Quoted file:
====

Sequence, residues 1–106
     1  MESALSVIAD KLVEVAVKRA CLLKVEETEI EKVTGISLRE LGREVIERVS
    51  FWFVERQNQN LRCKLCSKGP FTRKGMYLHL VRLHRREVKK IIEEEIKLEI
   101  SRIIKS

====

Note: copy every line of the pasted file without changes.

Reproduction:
Sequence, residues 1–106
     1  MESALSVIAD KLVEVAVKRA CLLKVEETEI EKVTGISLRE LGREVIERVS
    51  FWFVERQNQN LRCKLCSKGP FTRKGMYLHL VRLHRREVKK IIEEEIKLEI
   101  SRIIKS